Chalcopyrite, Galena & Sphalerite


A cool Chalcopyrite with Galena and Sphalerite from Příbram, Czech Republic’
Ex. Chet Lemanski
5 x 4.6 x 2.8 cm

1 in stock

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Chalcopyrite has a hardness of 3½ – 4 and a specific gravity of 4.1 – 4.3, meanwhile, Galena is only at 2½ on the mohs scale and clocks in with a specific gravity of 7.60, and Sphalerite is just as hard as Chalcopyrite at 3½ – 4 and a similar specific gravity as well recorded at 3.9 – 4.1.

Sphalerite was “originally called blende in 1546 by Georgius Agricola (Georg Bauer). Known by a variety of chemical-based names subsequent to Agricola and before Glocker, including “zincum”. Named Sphalerite in 1847 by Ernst Friedrich Glocker from the Greek σφαλεροζ “sphaleros” = treacherous, in allusion to the ease with which dark varieties were mistaken for galena, but yielded no lead” according to Mindat, and following that story, it seems Sphalerite may be one of the most aptly named minerals! However, with Zinc replcacing the Lead in the appearance of the rock, it’s a major ore for Zinc as Galena is for Lead. WebMineral shows a sample analyzed at 64% Zinc, 33% Sulfur, and 3% Iron. It’s interesting that Zinc is less than half the weight of Lead, and there’s not very much less Zinc in Sphalerite than Lead in Galena, yet, the specific gravity is so much less!

Galena gets its name for being the primary ore for Lead, having been worked as such for more than 5,000 years, and having been recorded with that name nearly 2,000 years ago by Pliny the Elder. With more than 28,731 recorded localities on Mindat, it is found in “ore veins with sphalerite, pyrite, chalcopyrite, tennantite-tetrahedrite, etc. and in skarns, as well as in sedimentary rocks where it may replace carbonate beds or be deposited in pore spaces” all over the world. At nearly 87% Lead and 13% Sulfur, there’s no question as to why Galena always feels so heavy!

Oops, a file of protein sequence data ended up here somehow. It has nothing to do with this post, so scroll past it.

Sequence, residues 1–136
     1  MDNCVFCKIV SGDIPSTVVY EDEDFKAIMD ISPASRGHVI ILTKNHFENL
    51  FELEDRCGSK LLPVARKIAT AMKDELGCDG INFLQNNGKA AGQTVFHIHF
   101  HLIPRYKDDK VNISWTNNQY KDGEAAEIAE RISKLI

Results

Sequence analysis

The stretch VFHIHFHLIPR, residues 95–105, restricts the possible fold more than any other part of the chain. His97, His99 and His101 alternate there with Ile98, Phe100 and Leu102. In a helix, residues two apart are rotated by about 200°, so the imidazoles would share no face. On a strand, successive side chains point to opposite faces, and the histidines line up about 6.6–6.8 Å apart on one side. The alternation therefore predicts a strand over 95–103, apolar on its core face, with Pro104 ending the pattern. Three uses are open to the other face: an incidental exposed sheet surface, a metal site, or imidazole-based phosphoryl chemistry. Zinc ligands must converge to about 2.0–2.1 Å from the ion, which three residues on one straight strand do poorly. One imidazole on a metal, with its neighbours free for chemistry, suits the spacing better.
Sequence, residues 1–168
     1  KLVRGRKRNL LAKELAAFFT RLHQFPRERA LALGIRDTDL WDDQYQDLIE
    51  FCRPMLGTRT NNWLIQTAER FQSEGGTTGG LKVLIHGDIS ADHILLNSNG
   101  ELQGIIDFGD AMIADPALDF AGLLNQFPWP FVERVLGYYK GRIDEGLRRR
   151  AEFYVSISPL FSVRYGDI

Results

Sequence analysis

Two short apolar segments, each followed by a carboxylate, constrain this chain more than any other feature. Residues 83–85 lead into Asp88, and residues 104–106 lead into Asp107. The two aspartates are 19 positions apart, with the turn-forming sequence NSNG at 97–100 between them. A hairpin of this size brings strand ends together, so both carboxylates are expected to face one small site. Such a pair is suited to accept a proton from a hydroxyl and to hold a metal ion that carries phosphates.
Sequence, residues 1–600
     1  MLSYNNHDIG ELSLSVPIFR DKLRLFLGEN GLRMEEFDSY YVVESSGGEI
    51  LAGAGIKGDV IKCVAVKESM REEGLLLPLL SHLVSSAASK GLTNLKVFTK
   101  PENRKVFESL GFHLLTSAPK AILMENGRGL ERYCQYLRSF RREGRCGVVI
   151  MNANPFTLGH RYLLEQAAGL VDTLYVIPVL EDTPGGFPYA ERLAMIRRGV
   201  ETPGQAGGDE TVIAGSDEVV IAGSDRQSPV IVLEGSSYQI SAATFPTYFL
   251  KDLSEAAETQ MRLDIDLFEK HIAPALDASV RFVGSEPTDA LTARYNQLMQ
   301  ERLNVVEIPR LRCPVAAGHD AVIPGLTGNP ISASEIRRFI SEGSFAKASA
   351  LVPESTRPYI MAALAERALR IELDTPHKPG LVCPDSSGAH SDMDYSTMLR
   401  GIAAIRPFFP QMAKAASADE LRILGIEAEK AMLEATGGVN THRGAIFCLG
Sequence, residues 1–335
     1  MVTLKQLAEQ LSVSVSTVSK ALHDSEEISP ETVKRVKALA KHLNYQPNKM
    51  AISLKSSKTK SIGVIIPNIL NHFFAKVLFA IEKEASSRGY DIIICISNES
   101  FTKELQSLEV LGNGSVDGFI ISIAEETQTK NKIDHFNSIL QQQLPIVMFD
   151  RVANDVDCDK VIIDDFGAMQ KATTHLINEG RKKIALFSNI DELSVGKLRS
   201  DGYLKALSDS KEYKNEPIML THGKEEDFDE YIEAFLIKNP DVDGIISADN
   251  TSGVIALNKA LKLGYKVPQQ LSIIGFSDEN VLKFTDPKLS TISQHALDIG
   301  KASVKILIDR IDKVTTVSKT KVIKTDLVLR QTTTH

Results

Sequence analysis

Chalcopyrite, on the other hand, was named in 1725 by Johann Friedrich Henckel, and gets its name from the Greek words “chalkos”, for copper, and “pyrites”, for strike fire. There’s quite the group of minerals when it comes to pyrites, but this is definitely one of the most common, for sure, with more than 31,884 recorded localities on Mindat! It’s usually found “in hydrothermal veins, disseminations, and massive replacements; the principal copper mineral of porphyry copper deposits” according to Mindat. Also stated on that page is that Chalcopyrite is the “most abundant copper-bearing mineral and is widespread.” WebMineral shows a sample they analyzed at nearly a 33% split between Iron, Sulfur and Copper.

You can find Galena, Sphalerite, and Chalcopyrite in many places around Colorado, and the rest of the world, so no matter where you may find yourself hiking, be sure to keep an eye out for a rock like this and you’ll possibly be able to identify either Galena, Sphalerite, and/or Chalcopyrite, and possibly just strike it rich while stumbling into your next Lead/Zinc/Copper mine!


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